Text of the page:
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Fertilizing blooming plants

This is a discussion on Fertilizing blooming plants within the General Orchid Culture forums, part of the Orchid Culture category; Hi everyone, I have been thinking of a asking this question for some time now. ...

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  1. #1
    hank3443 is offline Senior Member
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    Hank Johnson
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    Mostly Phals. (miniature)
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    Mar 2008
    Ocean Grove, New Jersey
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    Smile Fertilizing blooming plants

    Hi everyone, I have been thinking of a asking this question for some time now.
    At first i just didn't have the experience and just excepted the explanation that blooming orchids do not use any fertilizer, however now after six years as a hobby grower i feel i would like to see what other growers think about fertilizing when blooming. I can see the the reasoning with phals. or any orchids that bloom on old growth, but what about orchids that bloom on new growth with new plants forming? Thanks in advance your input.

  2. #2
    Real Name
    Zainal Abidin Bin Othman
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    Huntleya, Bollea, Cochleanthes
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    Apr 2006
    Melaka, West Malaysia
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    Most orchids if you didn't fertilize them their growth habits will change either very skinny or stunted, in nature the barks provide a lots of nutrient and also from the activity of insects and animals waste.
    Certain orchids like some Coelogyne alliance, many South America species like Paphinia Gallottia, Clowesia species and so on when the new growth appear the flower spikes will follow especially when they get constant balance nutrients and excess potassium, phosphate at that particular time.
    Basic principal is the same mine here always sprays twice a week with N:P:K 20;2:20 and alternate with N:P:K 67. May it's help you Hank.

  3. #3
    catttan's Avatar
    catttan is offline Senior Member
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    Outside 24/7
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    cattleyas, vandaceous,paphios
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    Sep 2009
    Kedah, Peninsular Malaysia
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    I spray fertiliser weakly weekly regardless of whether they are flowering or not. I know that some buds and flowers are sensitive to fertiliser and may blast if fertiliser is sprayed directly on them but so far my orchids seem to be quite tolerant. That may be due to the fact I use a very weak solution of fertiliser.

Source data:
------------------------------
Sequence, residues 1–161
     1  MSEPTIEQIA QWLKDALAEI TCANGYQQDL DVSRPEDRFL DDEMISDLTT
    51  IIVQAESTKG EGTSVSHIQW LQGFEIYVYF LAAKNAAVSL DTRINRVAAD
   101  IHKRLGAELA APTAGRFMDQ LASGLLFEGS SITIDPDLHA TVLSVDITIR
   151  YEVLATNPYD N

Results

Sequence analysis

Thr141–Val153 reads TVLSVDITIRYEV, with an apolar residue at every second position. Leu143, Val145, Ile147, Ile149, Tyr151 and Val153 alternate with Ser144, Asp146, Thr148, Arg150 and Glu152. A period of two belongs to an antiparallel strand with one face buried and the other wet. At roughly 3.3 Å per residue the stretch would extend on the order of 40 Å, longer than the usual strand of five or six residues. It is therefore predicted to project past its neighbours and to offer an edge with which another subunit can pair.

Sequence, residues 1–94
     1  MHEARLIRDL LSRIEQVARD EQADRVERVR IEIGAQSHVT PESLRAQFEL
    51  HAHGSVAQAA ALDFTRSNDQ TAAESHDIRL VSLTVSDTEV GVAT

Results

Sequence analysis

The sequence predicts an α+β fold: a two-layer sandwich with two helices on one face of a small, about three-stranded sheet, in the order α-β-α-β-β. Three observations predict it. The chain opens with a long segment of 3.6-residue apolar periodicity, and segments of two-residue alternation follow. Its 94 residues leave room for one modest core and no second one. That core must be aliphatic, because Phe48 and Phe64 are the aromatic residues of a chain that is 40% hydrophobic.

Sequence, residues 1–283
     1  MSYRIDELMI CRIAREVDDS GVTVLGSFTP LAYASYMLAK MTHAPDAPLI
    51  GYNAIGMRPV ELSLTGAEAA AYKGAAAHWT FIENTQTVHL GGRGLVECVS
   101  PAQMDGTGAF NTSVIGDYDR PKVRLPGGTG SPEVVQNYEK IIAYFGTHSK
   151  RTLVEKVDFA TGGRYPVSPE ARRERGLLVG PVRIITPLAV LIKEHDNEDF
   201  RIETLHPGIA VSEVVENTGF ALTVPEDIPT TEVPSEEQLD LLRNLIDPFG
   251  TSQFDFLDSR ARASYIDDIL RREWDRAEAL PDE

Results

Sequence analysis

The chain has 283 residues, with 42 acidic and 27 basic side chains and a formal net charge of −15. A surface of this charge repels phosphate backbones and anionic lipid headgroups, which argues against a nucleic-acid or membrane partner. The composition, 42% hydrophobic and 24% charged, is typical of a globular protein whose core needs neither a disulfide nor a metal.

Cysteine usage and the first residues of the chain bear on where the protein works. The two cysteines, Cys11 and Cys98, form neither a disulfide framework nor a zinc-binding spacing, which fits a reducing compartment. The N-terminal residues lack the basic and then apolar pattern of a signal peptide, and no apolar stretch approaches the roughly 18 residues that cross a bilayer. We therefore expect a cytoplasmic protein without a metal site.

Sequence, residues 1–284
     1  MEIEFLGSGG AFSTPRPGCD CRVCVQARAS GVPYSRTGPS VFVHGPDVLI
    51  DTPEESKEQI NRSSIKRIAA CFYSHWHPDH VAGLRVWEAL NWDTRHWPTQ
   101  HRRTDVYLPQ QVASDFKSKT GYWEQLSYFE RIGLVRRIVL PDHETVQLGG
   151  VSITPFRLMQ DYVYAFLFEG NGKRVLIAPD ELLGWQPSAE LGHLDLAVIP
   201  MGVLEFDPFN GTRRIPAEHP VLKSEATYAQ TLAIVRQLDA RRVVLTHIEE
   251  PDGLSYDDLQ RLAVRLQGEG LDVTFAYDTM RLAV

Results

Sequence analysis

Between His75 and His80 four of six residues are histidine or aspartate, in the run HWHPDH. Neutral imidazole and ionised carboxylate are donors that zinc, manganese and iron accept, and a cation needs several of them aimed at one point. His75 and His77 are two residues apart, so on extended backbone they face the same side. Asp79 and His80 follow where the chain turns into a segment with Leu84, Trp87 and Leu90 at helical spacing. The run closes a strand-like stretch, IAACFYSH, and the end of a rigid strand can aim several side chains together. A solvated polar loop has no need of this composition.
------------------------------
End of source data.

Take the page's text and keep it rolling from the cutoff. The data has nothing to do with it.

4. #4
    remo is offline Senior Member
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    cattleya, cymbidium
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    Apr 2010
    Marina Del Rey, California
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    Dear Hank,
    I'm going to go out on a limb and reply based upon nothing more than my own baseless opinion...I think that blooming must take a lot out of an orchid plant-as it does any other can you have a strong, vigorous bloom without a strong vigorous plant? I've heard very experienced growers state that we should replicate as close as possible the plants natural environment, including what is nutritionally available to the plant-then there are growers that claim that we can and should provide a much more enhanced environment for successful growth. If you look at pictures of orchids in situ you will see some (not all!) pretty mangy specimens! On the other hand, you see photos of experienced growers' plants, in and out of bloom, and most of them look terrific! Brimming over with vitality! While it is fine to let nature take its course, we who grow orchids have certainly not done that! We have potted, manipulated, hybridized, etc. In Golden Gate Park in San Fransisco, Ca., is a replicated rainforest with orchids probably, as close to in situ, as you can get and they are for the most part a pretty mangy lot! There is also, in the same place, the display greenhouse where experts care for the orchids...beautiful! Most of the plants that we cultivate are for blooms and I think they need food! They are HUNGRY! I'm not a female...but I can only imagine that after you give birth you just might want a little something...I think my plants want the same thing-a little something.
    Just my baseless opinion...I think I'll get a snack now...Remo

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